Salvu Sammut must be enamoured with the idea of taking to the streets.
As leader of Malta’s largest union – the General Workers’ Union – he argues he is all for developing bungalows at Ghadira Bay because it will lead to more work for the workers.
Having said this, he does not seem to have followed the same thinking process when it came to villas at Ramla (read James Debono’s news story on the front page).
If bungalows at Ghadira create work, the ones at Ramla should do the same trick. But then bungalows at Ramla do not belong to a commercial company run by the GWU. For if they did, Mr Salvu Sammut would probably have had a very different view.
I adore this kind of hypocrisy. Every time a crane plants itself in the middle of a street and blocks the entire traffic flow, the crane operator has a well rehearsed retort to anyone daring to complain about his brazen behaviour: “How do you expect me to make a living?”
Salvu Sammut and the other 1,500 protestors at Valletta must have all asked themselves what a horrible thing it is to develop Ramla l-Hamra and how MEPA should be ashamed of itself.
Yes, I agree. But as the names of MEPA’s board members were read out one by one to the applause of the protestors, I am not quite too sure if Salvu Sammut was whistling and booing too.
If he was, he should have a rethink. The same board members were the same individuals who gave the green light for 30 bungalows on the garigue at Ghadira.
Now Saviour Sammut probably thinks that garigue is some kind of giant caterpillar that eats naughty boys in the middle of the night. No – garigue is a unique habitat home to hundreds of plants and indescribable insects.
But if Salvu Sammut is ignorant about all this, so are the members of the MEPA board appointed by this government.
Their names should not be read out, but it would not be a bad idea to erect a plaque next to all the controversial localities they have agreed to allow development to take place in, with the following words: “To all those who think this site should have remained untouched and in its natural state, we have one simple answer: UP YOURS!”.
Sammut was obviously willing to admit that he did ask the Prime Minister and a senior official at the OPM to look into the permit application for 30 bungalows at the Danish village.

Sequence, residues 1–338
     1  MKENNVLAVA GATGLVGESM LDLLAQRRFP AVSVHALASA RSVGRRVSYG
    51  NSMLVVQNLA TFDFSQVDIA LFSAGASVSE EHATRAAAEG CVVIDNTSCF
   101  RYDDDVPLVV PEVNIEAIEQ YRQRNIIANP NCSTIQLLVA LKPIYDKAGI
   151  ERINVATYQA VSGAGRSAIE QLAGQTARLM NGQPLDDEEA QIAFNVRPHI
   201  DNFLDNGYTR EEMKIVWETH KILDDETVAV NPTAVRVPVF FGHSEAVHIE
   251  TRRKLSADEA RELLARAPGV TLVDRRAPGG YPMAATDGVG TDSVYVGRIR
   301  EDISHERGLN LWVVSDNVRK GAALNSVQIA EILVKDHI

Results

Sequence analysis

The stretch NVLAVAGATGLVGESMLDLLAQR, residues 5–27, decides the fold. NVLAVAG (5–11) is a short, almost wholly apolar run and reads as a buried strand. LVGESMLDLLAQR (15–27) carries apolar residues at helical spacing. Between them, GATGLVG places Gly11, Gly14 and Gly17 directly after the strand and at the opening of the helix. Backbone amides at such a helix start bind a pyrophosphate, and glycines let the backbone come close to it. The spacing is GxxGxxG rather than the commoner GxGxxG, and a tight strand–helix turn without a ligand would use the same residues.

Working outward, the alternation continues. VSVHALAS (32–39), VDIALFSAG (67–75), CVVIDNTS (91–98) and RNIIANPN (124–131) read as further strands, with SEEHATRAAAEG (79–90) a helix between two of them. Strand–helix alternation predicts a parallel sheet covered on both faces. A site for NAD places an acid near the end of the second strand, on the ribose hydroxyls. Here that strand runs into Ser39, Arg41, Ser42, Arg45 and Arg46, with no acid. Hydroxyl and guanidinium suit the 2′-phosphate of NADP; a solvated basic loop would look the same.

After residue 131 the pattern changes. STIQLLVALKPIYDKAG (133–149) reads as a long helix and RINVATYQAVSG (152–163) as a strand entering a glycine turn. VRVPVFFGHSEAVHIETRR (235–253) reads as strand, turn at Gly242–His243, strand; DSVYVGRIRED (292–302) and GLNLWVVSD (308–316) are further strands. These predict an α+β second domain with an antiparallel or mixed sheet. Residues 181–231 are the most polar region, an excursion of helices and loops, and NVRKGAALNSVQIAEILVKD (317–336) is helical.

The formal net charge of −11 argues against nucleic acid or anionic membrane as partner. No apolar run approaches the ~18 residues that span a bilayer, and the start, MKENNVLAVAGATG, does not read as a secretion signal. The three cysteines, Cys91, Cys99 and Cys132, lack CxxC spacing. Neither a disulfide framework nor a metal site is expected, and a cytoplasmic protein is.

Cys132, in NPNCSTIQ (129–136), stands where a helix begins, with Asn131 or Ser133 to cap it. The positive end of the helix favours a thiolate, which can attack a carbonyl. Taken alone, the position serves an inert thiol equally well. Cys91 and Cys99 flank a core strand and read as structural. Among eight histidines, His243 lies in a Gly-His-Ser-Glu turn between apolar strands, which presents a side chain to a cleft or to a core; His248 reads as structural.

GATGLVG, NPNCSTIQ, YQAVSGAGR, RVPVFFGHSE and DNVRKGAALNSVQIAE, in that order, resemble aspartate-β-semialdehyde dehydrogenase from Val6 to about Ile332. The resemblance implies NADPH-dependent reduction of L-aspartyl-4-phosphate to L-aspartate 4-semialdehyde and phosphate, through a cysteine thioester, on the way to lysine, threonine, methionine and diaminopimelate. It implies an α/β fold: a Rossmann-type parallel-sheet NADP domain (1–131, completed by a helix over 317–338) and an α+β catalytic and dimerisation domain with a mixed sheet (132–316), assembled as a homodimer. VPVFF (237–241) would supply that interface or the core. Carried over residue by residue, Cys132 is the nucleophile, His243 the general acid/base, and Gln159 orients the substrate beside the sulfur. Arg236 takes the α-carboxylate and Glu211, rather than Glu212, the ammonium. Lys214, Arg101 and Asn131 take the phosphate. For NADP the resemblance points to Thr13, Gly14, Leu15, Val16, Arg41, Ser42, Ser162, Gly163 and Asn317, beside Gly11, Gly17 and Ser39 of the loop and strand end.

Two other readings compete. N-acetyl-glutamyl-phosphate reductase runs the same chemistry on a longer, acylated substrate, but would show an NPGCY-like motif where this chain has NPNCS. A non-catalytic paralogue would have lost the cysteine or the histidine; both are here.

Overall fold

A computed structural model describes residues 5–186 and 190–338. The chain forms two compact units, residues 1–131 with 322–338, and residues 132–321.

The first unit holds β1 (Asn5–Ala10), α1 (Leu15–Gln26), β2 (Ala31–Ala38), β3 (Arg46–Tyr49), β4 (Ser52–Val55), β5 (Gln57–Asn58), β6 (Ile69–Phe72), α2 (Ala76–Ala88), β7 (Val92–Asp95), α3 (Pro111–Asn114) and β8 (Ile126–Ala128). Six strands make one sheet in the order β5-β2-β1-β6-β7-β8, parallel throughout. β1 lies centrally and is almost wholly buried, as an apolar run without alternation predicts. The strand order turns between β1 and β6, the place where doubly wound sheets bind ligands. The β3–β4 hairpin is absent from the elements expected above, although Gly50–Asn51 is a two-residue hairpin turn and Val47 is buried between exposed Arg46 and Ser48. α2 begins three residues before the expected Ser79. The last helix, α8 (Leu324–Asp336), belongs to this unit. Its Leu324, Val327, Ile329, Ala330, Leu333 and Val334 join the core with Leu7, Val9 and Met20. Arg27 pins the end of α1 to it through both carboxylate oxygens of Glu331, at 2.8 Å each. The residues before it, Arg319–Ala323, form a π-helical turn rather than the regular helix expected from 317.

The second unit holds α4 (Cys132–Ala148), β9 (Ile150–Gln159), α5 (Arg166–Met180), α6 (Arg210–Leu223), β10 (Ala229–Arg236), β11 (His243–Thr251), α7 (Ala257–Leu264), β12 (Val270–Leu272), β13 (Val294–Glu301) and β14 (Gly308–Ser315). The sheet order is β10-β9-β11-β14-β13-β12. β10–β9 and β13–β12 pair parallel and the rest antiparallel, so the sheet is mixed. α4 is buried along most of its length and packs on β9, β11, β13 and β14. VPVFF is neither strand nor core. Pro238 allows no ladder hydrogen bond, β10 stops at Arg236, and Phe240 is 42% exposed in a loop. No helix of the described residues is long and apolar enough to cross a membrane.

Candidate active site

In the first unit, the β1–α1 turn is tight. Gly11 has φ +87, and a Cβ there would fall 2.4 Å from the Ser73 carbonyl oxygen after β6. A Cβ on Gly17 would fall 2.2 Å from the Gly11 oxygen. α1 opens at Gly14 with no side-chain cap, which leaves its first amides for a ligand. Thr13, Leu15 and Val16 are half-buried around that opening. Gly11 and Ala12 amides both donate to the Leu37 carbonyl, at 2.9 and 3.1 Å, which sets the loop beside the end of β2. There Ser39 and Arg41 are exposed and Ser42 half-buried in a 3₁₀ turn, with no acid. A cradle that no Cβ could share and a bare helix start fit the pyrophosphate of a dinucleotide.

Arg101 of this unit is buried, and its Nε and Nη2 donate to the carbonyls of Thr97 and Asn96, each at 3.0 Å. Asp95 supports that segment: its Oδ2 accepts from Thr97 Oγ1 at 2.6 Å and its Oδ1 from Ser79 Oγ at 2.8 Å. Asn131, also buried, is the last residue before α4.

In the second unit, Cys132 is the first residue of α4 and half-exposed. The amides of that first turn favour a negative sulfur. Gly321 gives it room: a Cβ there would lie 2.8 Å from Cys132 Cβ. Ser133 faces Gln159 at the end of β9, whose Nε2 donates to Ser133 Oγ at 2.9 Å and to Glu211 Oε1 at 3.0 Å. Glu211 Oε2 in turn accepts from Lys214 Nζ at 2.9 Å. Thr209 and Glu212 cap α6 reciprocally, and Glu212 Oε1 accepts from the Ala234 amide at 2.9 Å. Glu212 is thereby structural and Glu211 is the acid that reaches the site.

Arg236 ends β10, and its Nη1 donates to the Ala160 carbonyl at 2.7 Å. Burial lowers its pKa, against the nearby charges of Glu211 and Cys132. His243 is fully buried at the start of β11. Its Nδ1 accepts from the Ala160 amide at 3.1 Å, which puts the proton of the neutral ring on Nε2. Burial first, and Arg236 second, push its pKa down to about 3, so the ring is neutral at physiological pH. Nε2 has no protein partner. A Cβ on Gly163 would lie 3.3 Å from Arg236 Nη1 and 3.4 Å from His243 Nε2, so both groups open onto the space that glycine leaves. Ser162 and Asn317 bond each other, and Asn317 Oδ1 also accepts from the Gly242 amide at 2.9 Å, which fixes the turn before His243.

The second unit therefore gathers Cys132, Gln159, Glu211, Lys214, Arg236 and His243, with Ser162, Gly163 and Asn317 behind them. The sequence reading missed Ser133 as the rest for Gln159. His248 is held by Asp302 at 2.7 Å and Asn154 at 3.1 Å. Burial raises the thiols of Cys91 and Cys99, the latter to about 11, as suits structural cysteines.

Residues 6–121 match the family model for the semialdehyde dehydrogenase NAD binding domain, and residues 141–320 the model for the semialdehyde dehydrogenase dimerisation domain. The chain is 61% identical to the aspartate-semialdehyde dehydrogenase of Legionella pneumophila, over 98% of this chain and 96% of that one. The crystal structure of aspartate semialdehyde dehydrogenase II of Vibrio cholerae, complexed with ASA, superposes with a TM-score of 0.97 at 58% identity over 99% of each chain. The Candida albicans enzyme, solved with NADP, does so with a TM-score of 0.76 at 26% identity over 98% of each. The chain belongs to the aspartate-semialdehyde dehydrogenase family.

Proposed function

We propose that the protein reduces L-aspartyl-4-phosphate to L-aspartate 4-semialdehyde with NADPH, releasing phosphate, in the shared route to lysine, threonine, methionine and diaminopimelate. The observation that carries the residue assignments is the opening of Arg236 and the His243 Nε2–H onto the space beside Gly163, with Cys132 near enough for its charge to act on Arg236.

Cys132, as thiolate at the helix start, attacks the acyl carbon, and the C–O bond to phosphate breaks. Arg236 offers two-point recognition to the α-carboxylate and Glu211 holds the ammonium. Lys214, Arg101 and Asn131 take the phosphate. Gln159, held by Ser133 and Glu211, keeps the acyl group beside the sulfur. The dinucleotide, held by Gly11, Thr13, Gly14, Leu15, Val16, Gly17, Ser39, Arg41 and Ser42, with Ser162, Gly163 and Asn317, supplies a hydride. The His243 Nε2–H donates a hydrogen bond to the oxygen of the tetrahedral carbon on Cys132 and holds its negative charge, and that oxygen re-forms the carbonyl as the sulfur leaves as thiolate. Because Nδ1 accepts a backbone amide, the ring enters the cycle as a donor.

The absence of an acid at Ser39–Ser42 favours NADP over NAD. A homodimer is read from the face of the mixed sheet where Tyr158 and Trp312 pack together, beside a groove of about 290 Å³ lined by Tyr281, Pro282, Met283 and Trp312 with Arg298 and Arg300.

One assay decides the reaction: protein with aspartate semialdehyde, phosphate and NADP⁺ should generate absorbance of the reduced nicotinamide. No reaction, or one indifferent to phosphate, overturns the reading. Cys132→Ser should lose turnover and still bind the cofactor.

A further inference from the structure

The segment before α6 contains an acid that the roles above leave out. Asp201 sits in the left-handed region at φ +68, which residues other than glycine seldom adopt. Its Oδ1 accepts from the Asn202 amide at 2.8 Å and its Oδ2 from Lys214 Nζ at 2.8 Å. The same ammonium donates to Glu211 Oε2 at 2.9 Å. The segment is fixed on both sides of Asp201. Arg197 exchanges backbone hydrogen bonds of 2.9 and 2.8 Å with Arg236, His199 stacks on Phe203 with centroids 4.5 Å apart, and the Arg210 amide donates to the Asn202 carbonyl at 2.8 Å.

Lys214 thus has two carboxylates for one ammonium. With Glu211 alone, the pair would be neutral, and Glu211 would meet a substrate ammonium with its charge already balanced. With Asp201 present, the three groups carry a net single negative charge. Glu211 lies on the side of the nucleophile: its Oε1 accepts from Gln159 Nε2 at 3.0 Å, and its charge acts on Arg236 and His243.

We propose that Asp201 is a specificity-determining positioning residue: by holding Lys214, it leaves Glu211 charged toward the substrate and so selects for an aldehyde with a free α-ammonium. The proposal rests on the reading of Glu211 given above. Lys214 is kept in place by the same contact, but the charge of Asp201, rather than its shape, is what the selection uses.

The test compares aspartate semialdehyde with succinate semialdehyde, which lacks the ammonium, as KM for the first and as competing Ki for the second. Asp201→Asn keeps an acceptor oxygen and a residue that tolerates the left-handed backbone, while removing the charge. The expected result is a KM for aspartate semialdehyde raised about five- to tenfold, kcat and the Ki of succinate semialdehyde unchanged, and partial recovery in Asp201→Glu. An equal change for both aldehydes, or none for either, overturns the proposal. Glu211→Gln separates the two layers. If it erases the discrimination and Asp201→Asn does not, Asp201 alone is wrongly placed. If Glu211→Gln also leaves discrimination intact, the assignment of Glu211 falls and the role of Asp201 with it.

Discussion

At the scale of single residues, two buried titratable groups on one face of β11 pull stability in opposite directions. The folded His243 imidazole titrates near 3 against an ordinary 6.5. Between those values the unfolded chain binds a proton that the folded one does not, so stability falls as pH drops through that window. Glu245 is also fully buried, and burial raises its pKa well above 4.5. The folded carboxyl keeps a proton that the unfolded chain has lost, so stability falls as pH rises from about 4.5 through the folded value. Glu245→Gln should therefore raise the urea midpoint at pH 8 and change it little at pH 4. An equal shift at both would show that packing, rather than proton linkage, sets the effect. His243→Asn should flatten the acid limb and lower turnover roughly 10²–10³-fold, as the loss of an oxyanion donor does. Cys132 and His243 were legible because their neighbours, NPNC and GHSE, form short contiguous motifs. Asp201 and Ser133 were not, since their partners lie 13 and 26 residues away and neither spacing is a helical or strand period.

That Sammut does not feel one iota of embarrassment at admitting to such a thing is perplexing.
Which goes to prove that the next time you read a story about political intervention at MEPA in one of GWU newspapers, you should not take the story too seriously. Or as an alternative, just ask Salvu Sammut for a definition of ‘political interference’. It also goes to prove how serious political patronage in this country is.
Mr Sammut will of course argue that I am a divine pain in the ass, and that I am saying all this because I have a grudge against the union. Bollocks.
But I do have a problem with people taking to the streets to complain about development when they themselves are involved in projects which are not fundamentally different from the same development they want us to believe they oppose.
If the Prime Minister had any sense he would call roads minister Jesmond Mugliett and ask him to resign at once.
But Dr Gonzi will not and cannot kick out Jesmond. He knows that he cannot afford to lose Mugliett in this crucial and particular constituency for the PN.
Yet Mugliett’s interference with the ex-chief executive at the Malta Transport Authority (ADT) to halt the removal of two ADT officials (one of them Mugliett’s canvasser) which had been implicated and found guilty of receiving bribes, is tantamount to intolerable and unacceptable political interference.
Yesterday he retracted his first admission and dragged the whole ADT board by claiming that it was a collective decision.
In another, normal situation, the press would be calling for his blood. But this is Malta, and when it was revealed in The Times it should have hit the front pages.
Everyone in the Nationalist party knows that Mugliett crossed the line. Gonzi continues to prove that given half a chance, he prefers to do nothing about the situation. As in all the other cases of abuse of power, or conflicts of interest, or political interference, Gonzi naturally freezes and does absolutely nothing. He neither appears to castigate his ministers or defend them.
He is a prisoner of destiny. He may argue that he is for zero tolerance of abuse and corruption, but I have yet to see him in action.
I was delighted to read that the federation of hunters and trappers (and of course conservationists), led by Lino Farrugia, issued a statement about what George Pullicino had to say in MaltaToday about autumn hunting.
I stand to be corrected, but did not Lino Farrugia say that he had boycotted MaltaToday? Well, if there is one person who ignored Lino’s diktat it had to be Lino himself, who typically responded to what appeared in MaltaToday.
Hurrah, hurrah! After years of strategic planning, surveys, intelligence gathering and the use of underpaid consultants, the launch of the shuttle service from Malta International Airport to Cirkewwa, was finally inaugurated.
A heartfelt thank you to the ministers for their unending support for this project which will change the face of the earth and improve the economy of our sister island.